Lessons From Acts 15-The Authority And Acceptance Of The New Testament Scriptures

It is written:

So when they were sent off, they came to Antioch; and when they had gathered the multitude together, they delivered the letter. 31  When they had read it, they rejoiced over its encouragement. (Acts 15:30-31)

One of the great lessons we learn from Acts 15 is the authority of the the Letters written by the Apostles of Christ. Their authority was infused not only in what they said, but in what they wrote.

“The apostles imposed their writings. Since the apostles were aware of their authoritative office it is reasonable to think that they intended to write books that would guide the church under that authority….“Imposition can be seen in the commands that letters be circulated among the churches, even read publically in worship meetings (1 Thess. 5:27; Col. 4:16; Rev. 1:3)….“Imposition is more subtle in other letters, yet it can still be seen. It was already mentioned that Peter wrote to “the pilgrims of the Dispersion” scattered broadly throughout five different regions (1 Pet. 1:1). James also wrote “to the twelve tribes which are scattered abroad” (Jam. 1:1). These are not the words of apostles writing to individual churches. It is reasonable to think that the apostles intended their letters to be widely distributed (i.e. imposed throughout regions)….“The best and earliest example of apostolic imposition comes from the Bible itself. In Acts 15 we read that letters were written containing the decision of the apostles and elders at the close of the first Jerusalem Council (v. 23). Their decision was just not verbally imposed upon the church (v. 27) but circulated through written letters (v. 20, 23). [47] This set a clear precedence from the beginning. A written letter from an apostle (or apostles) was just as authoritative as if the commands were given in person by an apostle. To receive a written letter from an apostle was equal to a visit (cf. 3 John 13–14). Furthermore, spreading info this way was very useful. Written letters helped when making a trip in person was not possible (cf. 2 Thessalonians 2:2). It also helped reach a wider audience more quickly with an important message. Thus the apostles imposed their authority via written communication.” (Norman Geisler & Shawn Nelson, Evidence of an Early New Testament Canon, 268-294 (Kindle Edition); Matthews, NC; Bastion Books)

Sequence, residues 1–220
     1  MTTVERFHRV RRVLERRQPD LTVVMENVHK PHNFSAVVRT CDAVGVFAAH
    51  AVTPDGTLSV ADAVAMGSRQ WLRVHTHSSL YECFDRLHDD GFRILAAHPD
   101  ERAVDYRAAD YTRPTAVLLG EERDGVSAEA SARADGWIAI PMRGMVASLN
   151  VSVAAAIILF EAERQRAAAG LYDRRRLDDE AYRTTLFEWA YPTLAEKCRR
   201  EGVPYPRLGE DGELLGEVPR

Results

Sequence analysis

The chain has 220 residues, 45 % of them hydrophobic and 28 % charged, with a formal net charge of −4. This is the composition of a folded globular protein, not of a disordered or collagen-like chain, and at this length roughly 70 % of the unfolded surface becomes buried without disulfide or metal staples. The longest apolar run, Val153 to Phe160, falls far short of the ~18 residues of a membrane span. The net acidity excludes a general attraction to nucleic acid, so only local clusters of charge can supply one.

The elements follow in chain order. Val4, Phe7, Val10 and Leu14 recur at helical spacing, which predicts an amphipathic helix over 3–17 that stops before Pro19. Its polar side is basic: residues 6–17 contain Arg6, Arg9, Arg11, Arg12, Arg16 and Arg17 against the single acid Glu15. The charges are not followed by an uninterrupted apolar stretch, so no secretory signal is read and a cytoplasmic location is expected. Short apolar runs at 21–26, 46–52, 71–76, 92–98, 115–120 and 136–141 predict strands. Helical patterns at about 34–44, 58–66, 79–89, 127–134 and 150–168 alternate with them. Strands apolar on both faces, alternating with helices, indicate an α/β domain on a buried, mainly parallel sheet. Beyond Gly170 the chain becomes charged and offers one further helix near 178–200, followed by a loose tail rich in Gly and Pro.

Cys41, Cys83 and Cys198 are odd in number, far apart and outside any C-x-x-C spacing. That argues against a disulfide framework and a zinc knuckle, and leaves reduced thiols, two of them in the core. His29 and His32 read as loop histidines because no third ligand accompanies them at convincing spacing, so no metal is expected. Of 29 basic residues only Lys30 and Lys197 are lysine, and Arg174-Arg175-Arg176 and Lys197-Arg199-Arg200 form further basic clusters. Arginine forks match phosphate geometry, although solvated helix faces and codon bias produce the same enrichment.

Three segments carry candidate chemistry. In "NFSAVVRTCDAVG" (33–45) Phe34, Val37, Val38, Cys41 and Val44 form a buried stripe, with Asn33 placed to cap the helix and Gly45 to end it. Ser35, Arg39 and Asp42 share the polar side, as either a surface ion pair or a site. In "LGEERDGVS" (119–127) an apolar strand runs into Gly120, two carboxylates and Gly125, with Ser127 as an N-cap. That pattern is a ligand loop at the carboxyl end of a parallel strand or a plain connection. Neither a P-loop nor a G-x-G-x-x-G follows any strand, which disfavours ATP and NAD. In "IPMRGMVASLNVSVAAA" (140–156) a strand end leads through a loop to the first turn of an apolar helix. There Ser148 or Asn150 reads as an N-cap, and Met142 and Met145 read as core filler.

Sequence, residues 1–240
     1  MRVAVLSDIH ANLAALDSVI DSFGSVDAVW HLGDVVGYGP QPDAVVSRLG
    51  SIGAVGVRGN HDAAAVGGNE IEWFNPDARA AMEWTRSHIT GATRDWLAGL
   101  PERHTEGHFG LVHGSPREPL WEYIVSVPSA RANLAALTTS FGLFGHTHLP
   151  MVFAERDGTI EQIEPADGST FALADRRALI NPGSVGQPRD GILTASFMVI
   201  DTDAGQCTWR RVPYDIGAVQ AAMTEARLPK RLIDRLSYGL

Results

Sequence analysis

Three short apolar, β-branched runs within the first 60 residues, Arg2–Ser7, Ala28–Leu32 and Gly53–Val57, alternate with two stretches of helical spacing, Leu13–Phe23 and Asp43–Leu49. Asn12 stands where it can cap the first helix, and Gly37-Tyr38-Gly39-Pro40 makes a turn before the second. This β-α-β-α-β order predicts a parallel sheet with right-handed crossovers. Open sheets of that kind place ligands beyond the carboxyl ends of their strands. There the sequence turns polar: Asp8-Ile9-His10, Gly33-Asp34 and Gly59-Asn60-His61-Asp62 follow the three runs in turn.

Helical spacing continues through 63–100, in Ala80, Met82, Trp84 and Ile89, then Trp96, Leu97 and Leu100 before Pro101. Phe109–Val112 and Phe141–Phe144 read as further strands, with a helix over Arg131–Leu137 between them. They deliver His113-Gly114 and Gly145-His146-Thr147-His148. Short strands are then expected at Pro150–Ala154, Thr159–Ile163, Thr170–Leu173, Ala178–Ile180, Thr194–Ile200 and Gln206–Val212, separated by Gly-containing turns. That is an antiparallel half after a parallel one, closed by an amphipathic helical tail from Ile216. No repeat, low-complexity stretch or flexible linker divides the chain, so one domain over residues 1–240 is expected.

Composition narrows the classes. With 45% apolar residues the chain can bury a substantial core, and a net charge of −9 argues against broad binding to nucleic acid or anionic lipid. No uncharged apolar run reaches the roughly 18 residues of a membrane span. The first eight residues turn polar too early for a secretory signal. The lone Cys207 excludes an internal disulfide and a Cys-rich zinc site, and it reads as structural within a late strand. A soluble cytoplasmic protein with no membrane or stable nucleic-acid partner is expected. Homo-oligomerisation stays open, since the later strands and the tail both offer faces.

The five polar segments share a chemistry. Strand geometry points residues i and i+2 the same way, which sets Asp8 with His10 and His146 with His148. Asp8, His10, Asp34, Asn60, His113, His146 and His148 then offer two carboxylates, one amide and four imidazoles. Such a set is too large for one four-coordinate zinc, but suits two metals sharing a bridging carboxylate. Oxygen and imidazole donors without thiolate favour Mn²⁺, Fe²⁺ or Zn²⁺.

The early church clearly recognized the authority inherent in the Apostolic writings, as they continually quoted from the New Testament Scriptures from the early second century on. Geisler and Nelson also provide the following information in their book. Following are the number of times some of the early church fathers quoted from the New Testament Scriptures:

Justin Martyr

Gospels: 268

Acts: 10

Pauline Epistles: 43

General Epistles 6 (and 266 allusions);

Revelation: 3

Total: 330


Gospels: 1, 038

Acts: 194

Pauline Epistles: 499

General Epistles: 23

Revelation: 65

Total: 1, 819

Clement Of Alexandria

Gospels 1, 017

Acts: 44

Pauline Epistles: 1, 127

General Epistles: 207

Revelation: 11

Total: 2, 406


Gospels: 9, 231

Acts: 349

Pauline Epistles: 7, 778

General Epistles: 399

Revelation: 165

Total: 17, 922


Gospels: 3, 822

Acts: 502

Pauline Epistles: 2, 609

General Epistles: 120

Revelation: 205

Total: 7, 258


Gospels: 734

Acts: 42

Pauline Epistles: 387

General Epistles: 27

Revelation: 188

Total: 1, 378


Gospels: 3, 258

Acts: 211

Pauline Epistles: 1, 592

General Epistles: 88

Revelation: 27

Total: 5, 176

Grand Totals:

Gospels: 19, 368

Acts: 1, 352

Pauline Epistles: 14, 035

General Epistles: 870

Revelation: 870

Total: 36, 286

This all goes to remind us about the fact that the New Testament Scriptures were understood to be authoritative by the Apostles, as well as by the church. They provide a perfect pattern for the church (2 Timothy 1:13; 3:16-17).

The grace of the Lord Jesus Christ, and the love of God, and the communion of the Holy Spirit, be with you all. Amen.

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